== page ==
Treating breast cancer, saving the heart

Cardio-oncologists help keep hearts healthy during and after cancer treatment

My work at the University of Michigan Frankel Cardiovascular Center focuses on preventing and minimizing heart damage that can be caused by cancer treatment. It’s a risk faced by more than 2 million breast cancer survivors who have had either chemotherapy or radiation.

Dr. Elina Yamada is a member of the cardio-oncology team at the University of Michigan.

Dr. Elina Yamada is a member of the cardio-oncology team at the University of Michigan.

I recently had the chance to talk to a group at Gilda’s Club of Metro Detroit, a community that provides emotional and social support for adults, teens and children living with any kind of cancer, and in October they turned their attention to breast cancer.

Here are some of the common questions I hear from breast cancer survivors:

What’s my risk?   – Various cancer treatments can interact with the heart. Chemotherapy drugs, such as anthracyclines, designed to kill cancer cells can also harm heart muscle cells, causing a condition called cardiotoxicity. The risk can be low or high depending on the drug. Radiation therapy to the chest can lead to thickening or scarring of heart structures, such as the valves or pericardium (membrane surrounding the heart), and also affect the heart vessels, causing heart attacks. This could impact left-side breast cancer patients.

What kind of heart problems I can develop? Heart problems may develop during, or even years after cancer treatment. Cardiotoxicity can cause heart failure, high blood pressure, low blood pressure, heart attacks, irregular heartbeat, slow heart rate, or fluid around the heart. Radiation can cause heart valve disease, heart attacks, and thickening of the lining around the heart.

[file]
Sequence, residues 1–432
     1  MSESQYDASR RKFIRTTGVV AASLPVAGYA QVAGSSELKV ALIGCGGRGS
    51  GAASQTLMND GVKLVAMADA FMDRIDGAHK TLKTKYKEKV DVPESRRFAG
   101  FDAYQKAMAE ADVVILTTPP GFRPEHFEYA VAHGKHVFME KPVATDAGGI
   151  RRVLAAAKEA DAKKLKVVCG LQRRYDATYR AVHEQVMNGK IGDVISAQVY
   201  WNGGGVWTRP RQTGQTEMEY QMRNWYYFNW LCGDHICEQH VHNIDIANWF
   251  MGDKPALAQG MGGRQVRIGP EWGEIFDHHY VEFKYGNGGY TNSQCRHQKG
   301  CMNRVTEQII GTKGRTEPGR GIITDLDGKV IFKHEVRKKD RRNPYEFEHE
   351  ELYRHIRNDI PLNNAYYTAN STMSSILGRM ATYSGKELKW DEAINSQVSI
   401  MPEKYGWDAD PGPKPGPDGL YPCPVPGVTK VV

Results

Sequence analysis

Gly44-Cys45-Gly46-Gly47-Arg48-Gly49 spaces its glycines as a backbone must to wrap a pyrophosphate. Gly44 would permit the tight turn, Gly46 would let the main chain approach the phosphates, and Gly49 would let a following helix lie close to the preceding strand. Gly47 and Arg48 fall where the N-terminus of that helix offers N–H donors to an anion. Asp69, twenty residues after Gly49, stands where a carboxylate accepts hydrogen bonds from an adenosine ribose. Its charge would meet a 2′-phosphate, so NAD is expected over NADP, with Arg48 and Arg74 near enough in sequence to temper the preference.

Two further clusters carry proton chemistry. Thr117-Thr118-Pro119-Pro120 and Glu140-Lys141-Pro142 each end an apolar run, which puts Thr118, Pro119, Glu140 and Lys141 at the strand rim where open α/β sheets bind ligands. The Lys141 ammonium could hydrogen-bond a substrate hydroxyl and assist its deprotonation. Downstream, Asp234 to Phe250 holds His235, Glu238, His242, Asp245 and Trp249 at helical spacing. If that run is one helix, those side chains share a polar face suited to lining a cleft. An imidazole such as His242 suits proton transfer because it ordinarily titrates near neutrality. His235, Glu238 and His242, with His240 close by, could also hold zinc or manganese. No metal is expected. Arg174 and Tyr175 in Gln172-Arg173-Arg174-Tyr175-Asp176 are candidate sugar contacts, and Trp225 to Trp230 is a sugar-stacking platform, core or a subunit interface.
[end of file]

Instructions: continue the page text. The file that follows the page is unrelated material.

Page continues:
Is there anything I can do to prevent them? If you have cancer and want to avoid heart problems in the future, I recommend:

  • low-cholesterol diet to avoid developing blockages in the heart vessels
  • low-salt diet to avoid developing high blood pressure
  • Get daily exercises, such as walking at least 15 to 30 minutes, as tolerated
  • Avoid smoking and drinking alcoholic beverages
  • Maintain healthy weight to avoid obesity and diabetes which increase your cardiac risks

What symptoms should I worry about?  Symptoms caused by cardiotoxity can be common to the ones caused by cancer itself or treatment, such as fatigue, shortness of breath and leg swelling. In general, patients should tell their doctor if they have shortness of breath, chest pain, heart palpitations, fluid retention in the legs, distension of the stomach, dizziness or fainting. The Cardiologist should be able to examine you and run tests to determine if they are caused by heart problems or not.

Can I wait to treat my heart problems? Beating cancer is the first priority for women with breast cancer. Preventing and treating heart problems from cancer treatment can be coordinated with your Oncologist, so that you can conclude your cancer treatment. The goal of our Program is to ensure that breast cancer survivors have a healthy heart to enjoy the rest of their lives.


 

Frankel-informal-vertical-sigThe Cardio-Oncology Program at the University of Michigan Frankel Cardiovascular Center treats patients with cardiac tumors and collaborates with cancer specialists to prevent and minimize heart damage caused by chemotherapy and radiation.

How to Cope with Radiation Therapy Side Effects